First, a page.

Later On

A blog written for those whose interests more or less match mine.

What Are Sperm Telling Us? Not Good News.

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Nicholas Kristof’s column in the NY Times points out that trashing the environment brings unexpected payback:

Something alarming is happening between our legs.

Sperm counts have been dropping; infant boys are developing more genital abnormalities; more girls are experiencing early puberty; and adult women appear to be suffering declining egg quality and more miscarriages.

It’s not just humans. Scientists report genital anomalies in a range of species, including unusually small penises in alligatorsotters and minks. In some areas, significant numbers of fishfrogs and turtles have exhibited both male and female organs.

Four years ago, a leading scholar of reproductive health, Shanna H. Swan, calculated that from 1973 to 2011, the sperm count of average men in Western countries had fallen by 59 percent. Inevitably, there were headlines about “Spermageddon” and the risk that humans would disappear, but then we moved on to chase other shiny objects.

Now Swan, an epidemiologist at Mount Sinai Medical Center in New York, has written a book, “Count Down,” that will be published on Tuesday and sounds a warning bell. Her subtitle is blunt: “How our modern world is threatening sperm counts, altering male and female reproductive development, and imperiling the future of the human race.”

Swan and other experts say the problem is a class of chemicals called endocrine disruptors, which mimic the body’s hormones and thus fool our cells. This is a particular problem for fetuses as they sexually differentiate early in pregnancy. Endocrine disruptors can wreak reproductive havoc.

These endocrine disruptors are everywhere: plastics, shampoos, cosmetics, cushions, pesticides, canned foods and A.T.M. receipts. They often aren’t on labels and can be difficult to avoid.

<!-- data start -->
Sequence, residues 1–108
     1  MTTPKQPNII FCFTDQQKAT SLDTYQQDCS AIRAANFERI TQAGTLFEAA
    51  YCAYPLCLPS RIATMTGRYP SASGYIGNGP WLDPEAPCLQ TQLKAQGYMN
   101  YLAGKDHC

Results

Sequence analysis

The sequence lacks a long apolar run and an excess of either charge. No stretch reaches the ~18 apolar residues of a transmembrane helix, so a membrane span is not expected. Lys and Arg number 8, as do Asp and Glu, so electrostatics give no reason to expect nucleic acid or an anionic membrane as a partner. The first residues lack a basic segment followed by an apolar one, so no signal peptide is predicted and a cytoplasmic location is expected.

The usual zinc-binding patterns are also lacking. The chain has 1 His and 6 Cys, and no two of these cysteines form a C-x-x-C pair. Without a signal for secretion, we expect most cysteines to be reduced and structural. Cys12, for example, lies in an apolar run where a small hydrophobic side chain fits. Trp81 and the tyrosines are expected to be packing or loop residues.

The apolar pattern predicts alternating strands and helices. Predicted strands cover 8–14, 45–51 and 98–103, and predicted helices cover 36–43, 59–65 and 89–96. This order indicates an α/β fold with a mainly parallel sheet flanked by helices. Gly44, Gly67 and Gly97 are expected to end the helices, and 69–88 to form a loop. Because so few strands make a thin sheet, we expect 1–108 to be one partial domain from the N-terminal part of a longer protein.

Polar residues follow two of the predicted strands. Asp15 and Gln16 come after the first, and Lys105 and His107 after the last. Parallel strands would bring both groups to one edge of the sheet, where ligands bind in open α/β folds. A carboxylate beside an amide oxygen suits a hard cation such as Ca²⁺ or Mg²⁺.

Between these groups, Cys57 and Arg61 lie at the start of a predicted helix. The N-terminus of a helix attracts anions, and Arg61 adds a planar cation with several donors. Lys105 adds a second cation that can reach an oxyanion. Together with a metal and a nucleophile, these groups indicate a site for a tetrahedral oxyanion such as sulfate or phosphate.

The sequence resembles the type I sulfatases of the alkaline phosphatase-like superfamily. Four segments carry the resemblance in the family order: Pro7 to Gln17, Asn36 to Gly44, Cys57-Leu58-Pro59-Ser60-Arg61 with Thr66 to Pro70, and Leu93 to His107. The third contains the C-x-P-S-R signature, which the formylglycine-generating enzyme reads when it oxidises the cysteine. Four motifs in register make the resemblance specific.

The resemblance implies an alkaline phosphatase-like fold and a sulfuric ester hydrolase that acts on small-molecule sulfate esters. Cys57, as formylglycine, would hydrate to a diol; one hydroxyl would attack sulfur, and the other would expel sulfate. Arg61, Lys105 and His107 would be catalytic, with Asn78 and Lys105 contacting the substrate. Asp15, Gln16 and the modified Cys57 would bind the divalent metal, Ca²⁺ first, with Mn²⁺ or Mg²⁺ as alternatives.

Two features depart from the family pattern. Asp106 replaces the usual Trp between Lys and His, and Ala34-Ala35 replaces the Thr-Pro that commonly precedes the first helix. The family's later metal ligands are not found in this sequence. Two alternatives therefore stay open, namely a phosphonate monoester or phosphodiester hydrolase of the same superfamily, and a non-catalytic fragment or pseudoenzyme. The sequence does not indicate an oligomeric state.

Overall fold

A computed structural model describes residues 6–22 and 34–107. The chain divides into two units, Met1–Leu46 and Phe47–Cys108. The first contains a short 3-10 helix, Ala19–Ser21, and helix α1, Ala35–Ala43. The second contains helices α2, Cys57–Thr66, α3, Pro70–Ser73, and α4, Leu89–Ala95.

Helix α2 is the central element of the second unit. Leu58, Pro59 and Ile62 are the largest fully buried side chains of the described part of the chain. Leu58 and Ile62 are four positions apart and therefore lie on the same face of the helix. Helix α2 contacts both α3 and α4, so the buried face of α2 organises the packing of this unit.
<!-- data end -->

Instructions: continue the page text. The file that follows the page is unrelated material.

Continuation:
“In some ways, the sperm-count decline is akin to where global warming was 40 years ago,” Swan writes. “The climate crisis has been accepted — at least by most people — as a real threat. My hope is that the same will happen with the reproductive turmoil that’s upon us.”

Chemical companies are as reckless as tobacco companies were a generation ago, or as opioid manufacturers were a decade ago. They lobby against even safety testing of endocrine disruptors, so that we have little idea if products we use each day are damaging our bodies or our children. We’re all guinea pigs.

Aside from the decline in sperm counts, growing numbers of sperm appear defective — there’s a boom in two-headed sperm — while others loll aimlessly in circles, rather than furiously swimming in pursuit of an egg. And infants who have had greater exposures to a kind of endocrine disruptor called phthalates have smaller penises, Swan found.

Uncertainty remains, research sometimes conflicts and biological pathways aren’t always clear. There are competing theories about whether the sperm count decline is real and what might cause it and about why girls appear to be reaching puberty earlier, and it’s sometimes unclear whether an increase in male genital abnormalities reflects actual rising numbers or just better reporting.

Still, the Endocrine Society, the Pediatric Endocrine Society, the President’s Cancer Panel and the World Health Organization have all warned about endocrine disruptors, and Europe and Canada have moved to regulate them. But in the United States, Congress and the Trump administration seemed to listen more to industry lobbyists than to independent scientists.

Patricia Ann Hunt, a reproductive geneticist at Washington State University, has conducted experiments on mice showing that the impact of endocrine disruptors is cumulative, generation after generation. When infant mice were exposed for just a few days to endocrine disrupting chemicals, their testes as adults produced fewer sperm, and this incapacity was transmitted to their offspring. While findings  . . .

Continue reading. There’s more, and it looks bad.

Seafood is now contaminated with microplastics, which are endocrine disruptors, because humans use the oceans as a big garbage dump. Take a look at some of these brief videos’

How Much Microplastic Is Found in Fish Fillets?
Are Microplastics in Seafood a Cancer Risk?
Microplastic Contamination & Seafood Safety
BPA on Receipts: Getting Under Our Skin
Why BPA Hasn’t Been Banned

Written by LeisureGuy

20 February 2021 at 8:58 pm

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